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Abraham C. Verghese

Abraham C. Verghese, MD, MFA, MACP, DSc

Professor of Medicine, Stanford University, Senior Associate Chair for the Theory and Practice of Medicine
Stanford Health Policy Associate

Department of Medicine
300 Pasteur Drive, S102
Palo Alto, CA 94305-5110

(650) 721-6966 (voice)
(650) 725-8381 (fax)

Bio

An infectious disease physician and a writer, Abraham Verghese is Senior Associate Chair, and Professor of the Theory and Practice of Medicine in the Department of Medicine at Stanford University.

His first novel, Cutting for Stone, was published by Knopf in 2009 and the paperback edition followed in 2010 receiving the Indies Choice book award for Adult Fiction from the American Booksellers Association later that year.

His first book, My Own Country, a memoir about AIDS in rural Tennessee, was a finalist for the National Book Critics Circle Award and made into a movie. His second book, The Tennis Partner, was a New York Times notable book and a national bestseller. He has published extensively in the medical literature, and his writing has appeared in The New Yorker, The Atlantic, The New York Times Magazine, The Wall Street Journal, Forbes and elsewhere.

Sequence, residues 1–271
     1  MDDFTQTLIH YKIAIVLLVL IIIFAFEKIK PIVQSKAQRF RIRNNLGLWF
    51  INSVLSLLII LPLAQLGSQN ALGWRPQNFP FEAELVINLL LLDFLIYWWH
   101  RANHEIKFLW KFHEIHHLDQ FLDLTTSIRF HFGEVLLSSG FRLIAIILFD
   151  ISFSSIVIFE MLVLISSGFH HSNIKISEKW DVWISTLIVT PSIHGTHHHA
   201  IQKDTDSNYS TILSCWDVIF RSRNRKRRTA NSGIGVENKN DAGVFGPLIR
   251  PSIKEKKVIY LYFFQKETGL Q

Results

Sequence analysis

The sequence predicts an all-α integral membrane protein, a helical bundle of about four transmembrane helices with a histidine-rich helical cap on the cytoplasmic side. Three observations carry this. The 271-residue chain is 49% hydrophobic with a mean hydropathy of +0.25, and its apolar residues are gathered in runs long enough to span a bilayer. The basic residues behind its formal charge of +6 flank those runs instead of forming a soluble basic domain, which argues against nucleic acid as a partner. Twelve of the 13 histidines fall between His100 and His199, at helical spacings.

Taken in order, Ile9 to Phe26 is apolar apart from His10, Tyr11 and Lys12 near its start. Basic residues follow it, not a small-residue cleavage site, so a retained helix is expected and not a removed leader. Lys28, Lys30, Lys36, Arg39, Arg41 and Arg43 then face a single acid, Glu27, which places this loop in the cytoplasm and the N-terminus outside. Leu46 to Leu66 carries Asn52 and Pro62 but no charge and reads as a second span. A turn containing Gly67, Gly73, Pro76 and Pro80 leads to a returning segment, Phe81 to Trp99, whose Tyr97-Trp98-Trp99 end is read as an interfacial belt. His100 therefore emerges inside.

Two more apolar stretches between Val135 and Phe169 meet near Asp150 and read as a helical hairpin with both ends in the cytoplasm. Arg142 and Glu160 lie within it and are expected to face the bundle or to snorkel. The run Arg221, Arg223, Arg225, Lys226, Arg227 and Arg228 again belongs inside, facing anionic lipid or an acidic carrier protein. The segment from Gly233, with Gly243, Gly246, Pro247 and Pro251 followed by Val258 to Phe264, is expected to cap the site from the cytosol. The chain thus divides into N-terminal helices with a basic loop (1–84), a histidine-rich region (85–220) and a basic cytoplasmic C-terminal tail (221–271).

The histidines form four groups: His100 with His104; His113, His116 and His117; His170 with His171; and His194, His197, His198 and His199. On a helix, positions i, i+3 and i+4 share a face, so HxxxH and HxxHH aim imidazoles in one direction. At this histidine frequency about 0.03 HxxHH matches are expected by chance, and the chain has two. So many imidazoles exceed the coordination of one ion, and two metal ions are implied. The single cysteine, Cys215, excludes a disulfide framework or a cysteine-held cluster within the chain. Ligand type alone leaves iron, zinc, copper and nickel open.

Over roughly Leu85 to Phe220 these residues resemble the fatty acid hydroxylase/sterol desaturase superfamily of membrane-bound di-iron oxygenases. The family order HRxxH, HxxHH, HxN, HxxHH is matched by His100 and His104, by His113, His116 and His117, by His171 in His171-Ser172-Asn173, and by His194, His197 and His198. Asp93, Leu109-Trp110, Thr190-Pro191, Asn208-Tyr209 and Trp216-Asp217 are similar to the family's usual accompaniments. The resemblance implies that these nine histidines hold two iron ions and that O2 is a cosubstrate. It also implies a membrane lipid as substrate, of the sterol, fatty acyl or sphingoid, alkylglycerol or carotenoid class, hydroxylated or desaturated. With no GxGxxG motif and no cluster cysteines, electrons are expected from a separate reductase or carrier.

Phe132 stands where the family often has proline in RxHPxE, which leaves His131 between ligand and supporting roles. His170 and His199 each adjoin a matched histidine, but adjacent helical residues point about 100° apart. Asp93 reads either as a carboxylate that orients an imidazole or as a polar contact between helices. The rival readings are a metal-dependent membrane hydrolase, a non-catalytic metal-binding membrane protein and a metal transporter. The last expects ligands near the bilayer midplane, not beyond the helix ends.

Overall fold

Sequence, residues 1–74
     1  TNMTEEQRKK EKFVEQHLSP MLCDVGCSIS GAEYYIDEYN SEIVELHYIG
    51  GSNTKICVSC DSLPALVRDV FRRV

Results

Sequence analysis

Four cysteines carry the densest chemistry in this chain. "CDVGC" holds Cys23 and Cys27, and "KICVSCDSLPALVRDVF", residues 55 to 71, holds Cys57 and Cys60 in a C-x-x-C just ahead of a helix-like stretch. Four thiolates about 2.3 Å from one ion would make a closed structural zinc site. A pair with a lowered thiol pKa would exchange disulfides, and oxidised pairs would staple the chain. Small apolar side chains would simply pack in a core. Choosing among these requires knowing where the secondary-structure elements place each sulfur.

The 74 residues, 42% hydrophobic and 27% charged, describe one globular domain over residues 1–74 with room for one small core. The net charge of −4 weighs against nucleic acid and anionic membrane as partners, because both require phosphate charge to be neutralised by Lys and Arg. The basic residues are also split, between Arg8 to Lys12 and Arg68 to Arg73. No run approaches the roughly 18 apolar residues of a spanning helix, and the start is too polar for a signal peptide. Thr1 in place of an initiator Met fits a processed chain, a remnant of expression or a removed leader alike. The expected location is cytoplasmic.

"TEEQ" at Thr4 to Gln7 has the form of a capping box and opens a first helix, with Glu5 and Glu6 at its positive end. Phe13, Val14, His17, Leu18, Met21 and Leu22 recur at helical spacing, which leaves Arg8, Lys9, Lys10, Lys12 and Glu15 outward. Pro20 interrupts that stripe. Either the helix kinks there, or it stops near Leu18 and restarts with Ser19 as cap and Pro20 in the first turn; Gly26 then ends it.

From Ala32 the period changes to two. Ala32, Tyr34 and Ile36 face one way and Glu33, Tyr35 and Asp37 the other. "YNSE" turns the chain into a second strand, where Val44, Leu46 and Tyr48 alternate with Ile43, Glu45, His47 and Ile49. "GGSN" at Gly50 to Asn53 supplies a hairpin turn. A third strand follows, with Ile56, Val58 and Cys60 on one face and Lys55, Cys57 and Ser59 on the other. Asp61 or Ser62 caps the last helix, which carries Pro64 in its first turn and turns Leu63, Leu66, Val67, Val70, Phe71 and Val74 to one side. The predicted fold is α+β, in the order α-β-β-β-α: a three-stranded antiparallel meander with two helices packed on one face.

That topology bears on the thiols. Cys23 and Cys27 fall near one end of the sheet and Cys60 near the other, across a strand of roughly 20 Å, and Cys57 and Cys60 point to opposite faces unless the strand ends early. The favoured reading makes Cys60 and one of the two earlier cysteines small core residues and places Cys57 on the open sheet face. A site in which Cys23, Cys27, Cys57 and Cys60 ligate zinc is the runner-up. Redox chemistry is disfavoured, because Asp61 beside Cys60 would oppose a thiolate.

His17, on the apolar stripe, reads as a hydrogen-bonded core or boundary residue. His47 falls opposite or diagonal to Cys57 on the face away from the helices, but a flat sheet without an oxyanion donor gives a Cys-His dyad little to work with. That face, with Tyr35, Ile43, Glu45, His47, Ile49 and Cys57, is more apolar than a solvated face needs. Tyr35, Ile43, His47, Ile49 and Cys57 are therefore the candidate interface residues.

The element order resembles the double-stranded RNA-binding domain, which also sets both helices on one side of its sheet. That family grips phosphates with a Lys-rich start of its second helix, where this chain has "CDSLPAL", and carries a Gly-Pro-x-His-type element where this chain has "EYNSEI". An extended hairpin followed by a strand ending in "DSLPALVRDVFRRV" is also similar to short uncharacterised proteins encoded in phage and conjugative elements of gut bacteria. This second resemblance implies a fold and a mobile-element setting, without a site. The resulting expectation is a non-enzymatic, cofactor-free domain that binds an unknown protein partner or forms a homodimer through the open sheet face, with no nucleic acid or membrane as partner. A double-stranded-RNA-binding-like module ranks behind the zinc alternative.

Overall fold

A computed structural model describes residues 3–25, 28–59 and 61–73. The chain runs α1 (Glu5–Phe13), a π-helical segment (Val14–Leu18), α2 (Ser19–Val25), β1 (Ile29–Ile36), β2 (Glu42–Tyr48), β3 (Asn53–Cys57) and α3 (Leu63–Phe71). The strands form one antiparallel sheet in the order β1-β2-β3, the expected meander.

Abraham Verghese is a strong advocate for the value of bedside skills and physical diagnosis, skills he sees as waning in an era of increasingly sophisticated medical technology, where the ‘i-patient' in the computer increasingly diverts physicians' attention from the real patient in the hospital bed. At Stanford, he was instrumental in development of the "The Stanford 25" initiative, which is designed to showcase and teach 25 fundamental physical exam skills and their diagnostic benefits to interns.

Dr. Verghese earned his medical degree at the University of Madras, did his residency atEast Tennessee State University, College of Medicine, and completed his Fellowship in Infectious Disease at Boston University School of Medicine. He later earned a Master of Fine Arts degree at the Iowa Writers Workshop at the University of Iowa during a two-year sabbatical from his medical work.